Colin Firth revisits ‘Bridget Jones’s Diary’ and his ‘cowardly’ fight with Hugh Grant
When it comes to onscreen fistfights, it’s hard to think of a less bad-ass throwdown than the one between Colin Firth and Hugh Grant in Bridget Jones’s Diary. Midway through the hit 2001 rom-com, which celebrates its 20th anniversary this week, Firth’s Mark Darcy and Grant’s Daniel Cleaver take their battle for the heart of the titular diary-writer (Renée Zellweger) into the streets of London while a spirited crowd gathers to watch punches get thrown. But this duel isn’t exactly Rocky-worthy. Instead, Mark and Daniel’s rumble looks more like a schoolyard brawl, complete with lots of awkward pushing, missed kicks and semi-embarrassed apologies.
According to Firth, he and Grant deliberately approached the fight like they were entering a playground, not a boxing ring. “As you can probably tell, we just made it up,” the actor tells Yahoo Entertainment. “They always tell you that you can’t do that — [fights] have to be choreographed. But we just thought, ‘We’re playing a couple of cowardly, angry and frightened yuppies: how the hell would we know how to set a punch?'” (Watch our video interview above.)
At first, Diary director Sharon Maguire did intend for Mark and Daniel’s fight to look a bit more polished, and hired a stunt choreographer to give the actors a crash course in screen fighting. “He was very professional, and very macho… [with] muscles out the wazoo,” Firth says, laughing.
After a few rounds with the professional, Firth and Grant decided that their duel had to be pure amateur hour for the scene to work. “The last time these two characters fought was probably when they were 7 years old in the school playground, so this fight will probably look exactly like that. And in the end, that’s what it was! It’s one of the most organic things ever committed to film.”
Mark ultimately wins the fight, and Bridget’s affections. But the two continued their rivalry in a pair of sequels: 2004’s Bridget Jones: The Edge of Reason and 2016’s Bridget Jones’s Baby. “It doesn’t take much for us to pull each other’s hair, scratch each other and kick each other and run away,” Firth jokes. “We’re inches away from that every time we see each other.”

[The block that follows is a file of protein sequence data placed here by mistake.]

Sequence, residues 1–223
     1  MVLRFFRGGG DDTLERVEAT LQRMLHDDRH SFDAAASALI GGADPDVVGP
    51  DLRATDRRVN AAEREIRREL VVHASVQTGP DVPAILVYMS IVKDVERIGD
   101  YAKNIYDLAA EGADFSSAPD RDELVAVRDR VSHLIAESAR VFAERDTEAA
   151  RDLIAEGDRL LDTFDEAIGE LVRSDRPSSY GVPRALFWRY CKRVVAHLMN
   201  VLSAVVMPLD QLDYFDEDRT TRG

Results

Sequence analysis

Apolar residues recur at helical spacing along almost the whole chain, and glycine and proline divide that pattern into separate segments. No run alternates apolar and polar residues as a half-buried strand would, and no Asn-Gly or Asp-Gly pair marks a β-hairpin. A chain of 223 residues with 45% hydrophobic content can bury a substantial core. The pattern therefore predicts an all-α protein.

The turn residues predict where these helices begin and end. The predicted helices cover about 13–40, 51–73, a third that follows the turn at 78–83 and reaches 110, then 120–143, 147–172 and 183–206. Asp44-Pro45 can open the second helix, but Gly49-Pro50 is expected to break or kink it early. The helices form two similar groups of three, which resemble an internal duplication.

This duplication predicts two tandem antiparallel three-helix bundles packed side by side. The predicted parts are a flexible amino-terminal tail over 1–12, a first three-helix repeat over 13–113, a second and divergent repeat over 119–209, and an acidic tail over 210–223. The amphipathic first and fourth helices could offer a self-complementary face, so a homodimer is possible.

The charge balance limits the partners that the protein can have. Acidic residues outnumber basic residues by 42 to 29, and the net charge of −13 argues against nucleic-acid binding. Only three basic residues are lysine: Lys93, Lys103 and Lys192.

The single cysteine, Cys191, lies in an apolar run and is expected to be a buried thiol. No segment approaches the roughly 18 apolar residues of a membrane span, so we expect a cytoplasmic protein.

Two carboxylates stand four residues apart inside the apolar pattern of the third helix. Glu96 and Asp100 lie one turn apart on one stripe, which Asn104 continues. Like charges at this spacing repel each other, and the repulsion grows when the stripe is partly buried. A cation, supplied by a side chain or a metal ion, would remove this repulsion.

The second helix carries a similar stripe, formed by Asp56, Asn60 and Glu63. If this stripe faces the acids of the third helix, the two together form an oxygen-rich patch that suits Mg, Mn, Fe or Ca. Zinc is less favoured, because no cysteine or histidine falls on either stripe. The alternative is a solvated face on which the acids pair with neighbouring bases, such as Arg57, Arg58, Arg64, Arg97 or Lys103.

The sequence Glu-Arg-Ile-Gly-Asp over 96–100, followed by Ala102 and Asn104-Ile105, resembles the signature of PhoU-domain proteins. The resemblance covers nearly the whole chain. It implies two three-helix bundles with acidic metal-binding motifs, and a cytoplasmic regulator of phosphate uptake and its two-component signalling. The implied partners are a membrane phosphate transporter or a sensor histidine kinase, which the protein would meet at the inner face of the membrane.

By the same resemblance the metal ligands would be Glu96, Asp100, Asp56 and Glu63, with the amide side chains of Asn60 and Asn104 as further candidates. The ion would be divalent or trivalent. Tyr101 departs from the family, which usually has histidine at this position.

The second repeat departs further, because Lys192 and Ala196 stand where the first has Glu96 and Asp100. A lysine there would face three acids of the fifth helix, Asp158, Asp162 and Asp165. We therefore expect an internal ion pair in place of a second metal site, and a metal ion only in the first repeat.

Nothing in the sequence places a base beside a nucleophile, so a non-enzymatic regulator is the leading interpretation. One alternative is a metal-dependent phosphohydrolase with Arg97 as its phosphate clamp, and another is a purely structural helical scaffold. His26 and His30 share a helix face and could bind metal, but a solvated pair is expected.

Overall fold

On the other hand, Firth wouldn’t dream of throwing a punch at his longtime pal, Stanley Tucci, whom he co-stars with in the new drama, Supernova. Tucci is celebrating his own rom-com anniversary this year, as the 2006 favorite The Devil Wears Prada enters its 15th year as an endlessly rewatchable favorite. And the actor’s scene-stealing performance as fashion magazine art director, Nigel Kipling, is a key element in its longevity. “I was really excited to do that movie,” Tucci says now. “I love fashion, and it taught me a great deal.”
Directed by David Frankel, The Devil Wears Prada features career-best turns by Anne Hathaway as newbie journalist, Andrea Sachs, and Meryl Streep as veteran editor, Miranda Priestly — a role famously modeled after real-life fashion magazine royalty Anna Wintour. Thrown into the deep end, Andrea finds a life raft in Nigel, who helps her learn the ropes and up her own fashion game.
Off-screen, meanwhile, Tucci became fast friends with his co-star Emily Blunt, who later introduced him to her sister, Felicity, the year after he lost his first wife, Kate, to breast cancer. The two eventually married in 2012, and have two children. “I got to meet one of my best friends, and now my sister-in-law,” Tucci happily says of his Prada experience.
He’s less certain that Nigel enjoyed a happily ever after, though. The art director was on the cusp of getting a longed-for promotion until Miranda interfered — something that fans still haven’t forgiven her for. Asked whether he thinks that Nigel nabbed his dream job of creative director, Tucci gives everyone a reality check. “In my mind, yes. But probably not.”
Bridget Jones’s Diary is currently streaming on Starz and Hulu; The Devil Wears Prada is currently streaming on Prime Video.
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